A Federal Trade Commission spokesperson confirmed Friday that the agency is investigating Google, but would not say why.
Google confirmed on its policy blog early Friday morning that the FTC had begun a "review of its business," though it said it was unclear as to just why. According to a source, in an SEC filing Google said it had been subpoenaed and the issues were its search and advertising businesses.
"All FTC investigations are nonpublic, so I cannot confirm or deny that there is an investigation," said FCC spokesperson Claudia Farrell.
Google said one thing was clear: "Since the beginning, we have been guided by the idea that, if we focus on the user, all else will follow. No matter what you're looking for-buying a movie ticket, finding the best burger nearby, or watching a royal wedding-we want to get you the information you want as quickly as possible. Sometimes the best result is a link to another website. Other times it's a news article, sports score, stock quote, a video or a map," the company said.
"We respect the FTCs' process and will be working with them (as we have with other agencies) over the coming months to answer questions about Google and our services."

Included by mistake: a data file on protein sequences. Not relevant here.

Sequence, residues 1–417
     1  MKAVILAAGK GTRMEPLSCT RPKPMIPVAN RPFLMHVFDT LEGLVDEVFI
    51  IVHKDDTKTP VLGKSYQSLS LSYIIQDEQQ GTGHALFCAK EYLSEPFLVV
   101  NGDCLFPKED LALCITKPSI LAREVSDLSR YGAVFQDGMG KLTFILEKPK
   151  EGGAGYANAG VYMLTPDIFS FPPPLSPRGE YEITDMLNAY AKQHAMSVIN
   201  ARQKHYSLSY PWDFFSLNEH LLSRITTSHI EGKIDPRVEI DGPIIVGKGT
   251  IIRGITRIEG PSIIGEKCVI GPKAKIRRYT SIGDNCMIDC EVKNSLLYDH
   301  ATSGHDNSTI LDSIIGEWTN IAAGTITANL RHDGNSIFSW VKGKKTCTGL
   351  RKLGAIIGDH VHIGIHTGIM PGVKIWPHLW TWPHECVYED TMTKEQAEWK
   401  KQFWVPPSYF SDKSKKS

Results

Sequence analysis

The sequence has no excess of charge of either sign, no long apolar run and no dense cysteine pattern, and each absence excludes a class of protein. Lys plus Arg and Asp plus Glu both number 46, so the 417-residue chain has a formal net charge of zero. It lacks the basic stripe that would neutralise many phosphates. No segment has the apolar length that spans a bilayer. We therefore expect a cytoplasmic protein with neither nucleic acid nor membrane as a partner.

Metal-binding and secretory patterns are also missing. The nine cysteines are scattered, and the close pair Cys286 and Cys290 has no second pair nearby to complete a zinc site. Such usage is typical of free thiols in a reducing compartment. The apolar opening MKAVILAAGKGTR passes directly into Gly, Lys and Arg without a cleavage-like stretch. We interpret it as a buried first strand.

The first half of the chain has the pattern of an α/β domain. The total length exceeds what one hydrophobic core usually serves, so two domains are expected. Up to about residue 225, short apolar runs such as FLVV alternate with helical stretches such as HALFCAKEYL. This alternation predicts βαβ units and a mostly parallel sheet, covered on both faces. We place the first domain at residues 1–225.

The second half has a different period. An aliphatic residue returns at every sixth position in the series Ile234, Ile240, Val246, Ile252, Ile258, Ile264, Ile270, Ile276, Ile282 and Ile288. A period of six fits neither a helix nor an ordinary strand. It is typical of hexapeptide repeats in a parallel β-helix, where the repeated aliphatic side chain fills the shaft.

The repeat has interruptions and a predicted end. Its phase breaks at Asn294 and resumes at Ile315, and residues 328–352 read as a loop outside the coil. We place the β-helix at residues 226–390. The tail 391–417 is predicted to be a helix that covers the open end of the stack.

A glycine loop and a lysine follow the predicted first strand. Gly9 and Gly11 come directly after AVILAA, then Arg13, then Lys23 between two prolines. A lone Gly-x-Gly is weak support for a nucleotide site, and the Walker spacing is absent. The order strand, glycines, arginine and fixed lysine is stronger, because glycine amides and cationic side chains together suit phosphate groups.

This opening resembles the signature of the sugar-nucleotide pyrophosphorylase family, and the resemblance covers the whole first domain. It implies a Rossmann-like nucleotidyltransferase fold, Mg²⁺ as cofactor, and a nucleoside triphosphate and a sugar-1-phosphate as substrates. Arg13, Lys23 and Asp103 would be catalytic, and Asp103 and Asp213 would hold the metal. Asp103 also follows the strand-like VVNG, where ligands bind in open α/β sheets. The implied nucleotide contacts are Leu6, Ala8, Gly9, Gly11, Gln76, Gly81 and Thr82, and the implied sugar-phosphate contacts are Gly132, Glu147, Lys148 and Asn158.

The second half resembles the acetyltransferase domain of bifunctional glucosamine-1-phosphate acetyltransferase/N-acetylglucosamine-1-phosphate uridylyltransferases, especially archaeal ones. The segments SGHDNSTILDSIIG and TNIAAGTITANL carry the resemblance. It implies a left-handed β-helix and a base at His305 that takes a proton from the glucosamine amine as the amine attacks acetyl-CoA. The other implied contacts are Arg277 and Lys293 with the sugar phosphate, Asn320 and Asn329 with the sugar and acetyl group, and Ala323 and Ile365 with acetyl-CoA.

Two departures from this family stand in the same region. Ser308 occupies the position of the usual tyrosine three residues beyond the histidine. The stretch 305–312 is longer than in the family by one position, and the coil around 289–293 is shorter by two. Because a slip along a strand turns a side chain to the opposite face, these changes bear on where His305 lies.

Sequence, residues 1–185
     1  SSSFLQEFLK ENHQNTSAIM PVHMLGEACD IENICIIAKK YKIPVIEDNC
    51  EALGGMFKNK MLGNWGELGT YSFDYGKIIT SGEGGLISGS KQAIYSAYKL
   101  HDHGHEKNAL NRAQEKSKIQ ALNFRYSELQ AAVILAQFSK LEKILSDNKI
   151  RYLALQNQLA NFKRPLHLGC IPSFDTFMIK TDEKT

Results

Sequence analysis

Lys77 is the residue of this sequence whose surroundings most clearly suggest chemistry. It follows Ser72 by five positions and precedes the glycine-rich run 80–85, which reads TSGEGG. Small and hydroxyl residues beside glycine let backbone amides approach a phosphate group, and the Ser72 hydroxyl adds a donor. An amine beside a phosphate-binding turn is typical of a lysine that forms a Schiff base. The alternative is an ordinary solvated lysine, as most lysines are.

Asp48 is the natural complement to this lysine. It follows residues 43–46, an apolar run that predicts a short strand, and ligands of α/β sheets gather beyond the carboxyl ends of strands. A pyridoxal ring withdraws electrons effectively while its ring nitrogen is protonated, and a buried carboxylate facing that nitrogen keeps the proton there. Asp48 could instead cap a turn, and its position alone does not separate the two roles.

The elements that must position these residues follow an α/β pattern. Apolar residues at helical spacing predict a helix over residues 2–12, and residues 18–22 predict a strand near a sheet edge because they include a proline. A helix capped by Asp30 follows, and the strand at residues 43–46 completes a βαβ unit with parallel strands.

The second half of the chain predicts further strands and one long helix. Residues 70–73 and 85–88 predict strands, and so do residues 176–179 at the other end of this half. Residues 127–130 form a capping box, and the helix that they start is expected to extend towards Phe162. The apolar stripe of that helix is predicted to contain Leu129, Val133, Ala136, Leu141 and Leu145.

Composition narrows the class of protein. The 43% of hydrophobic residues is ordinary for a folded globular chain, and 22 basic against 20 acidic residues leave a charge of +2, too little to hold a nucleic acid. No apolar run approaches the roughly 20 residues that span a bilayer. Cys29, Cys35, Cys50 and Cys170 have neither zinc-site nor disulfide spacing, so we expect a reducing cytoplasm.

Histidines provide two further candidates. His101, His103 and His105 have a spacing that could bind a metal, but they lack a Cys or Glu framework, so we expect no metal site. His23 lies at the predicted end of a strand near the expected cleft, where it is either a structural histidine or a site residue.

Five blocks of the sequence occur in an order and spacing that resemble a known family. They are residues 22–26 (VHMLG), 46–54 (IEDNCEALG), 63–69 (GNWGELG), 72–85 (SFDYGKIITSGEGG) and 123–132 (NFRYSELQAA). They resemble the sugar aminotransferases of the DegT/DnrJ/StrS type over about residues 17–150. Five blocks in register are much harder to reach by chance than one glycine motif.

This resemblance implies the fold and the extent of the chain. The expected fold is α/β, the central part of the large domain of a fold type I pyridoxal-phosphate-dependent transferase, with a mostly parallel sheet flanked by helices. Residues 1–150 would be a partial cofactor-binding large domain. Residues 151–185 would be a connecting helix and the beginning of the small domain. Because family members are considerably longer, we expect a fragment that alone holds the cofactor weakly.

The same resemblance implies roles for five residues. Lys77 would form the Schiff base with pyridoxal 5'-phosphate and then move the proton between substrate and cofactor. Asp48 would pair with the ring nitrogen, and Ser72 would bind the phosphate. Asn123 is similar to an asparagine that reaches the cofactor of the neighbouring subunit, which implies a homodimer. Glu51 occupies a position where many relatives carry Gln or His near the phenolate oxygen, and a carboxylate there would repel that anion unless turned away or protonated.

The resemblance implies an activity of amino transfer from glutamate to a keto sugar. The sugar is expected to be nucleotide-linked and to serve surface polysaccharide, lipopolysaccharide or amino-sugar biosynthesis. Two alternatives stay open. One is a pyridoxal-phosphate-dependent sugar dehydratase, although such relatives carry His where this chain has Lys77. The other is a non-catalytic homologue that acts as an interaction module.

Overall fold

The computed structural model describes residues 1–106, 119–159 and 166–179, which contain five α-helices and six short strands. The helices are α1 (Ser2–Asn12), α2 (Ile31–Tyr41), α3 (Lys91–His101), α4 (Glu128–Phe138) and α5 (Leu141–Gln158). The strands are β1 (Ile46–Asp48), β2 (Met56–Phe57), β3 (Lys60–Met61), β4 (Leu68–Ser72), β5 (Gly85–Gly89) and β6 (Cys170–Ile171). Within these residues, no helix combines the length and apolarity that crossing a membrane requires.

Some company critics have pointed to Google's control over where companies and ads rank in searches as comparable to the
ISP control of Internet on and off ramps that the government regulated against in the FCC network neutrality rules.
For its part, Google says it is simply doing what is best for the consumer and providing the most relevant responses as rapidly as possible. "We make hundreds of changes to our algorithms every year to improve your search experience. Not every website can come out at the top of the page, or even appear on the first page of our search results," said the company on its blog. "Today, when you type 'weather in Chicago' or 'how many feet in a mile' into our search box, you get the answers directly-often before you hit 'enter.' And we're always trying to figure out new ways to answer even more complicated questions just as clearly and quickly. Advertisements offer useful information, too, which is why we also work hard to ensure that our ads are relevant to you." It added that it is always clear "what is an ad and what isn't."
The FTC back in 2009 investigated the overlapping board memberships of Google and Apple, eventually commending board member Arthur Levinson, who held seats on both boards, to resign from Apple.
Back in March, Google settled an FTC charge that it had violated its privacy policies when it launched social network Google Buzz. But the FTC approved Google's purchase of DoubleClick back in 2007 signaling no conflict in combining the search powerhouse and online ad company.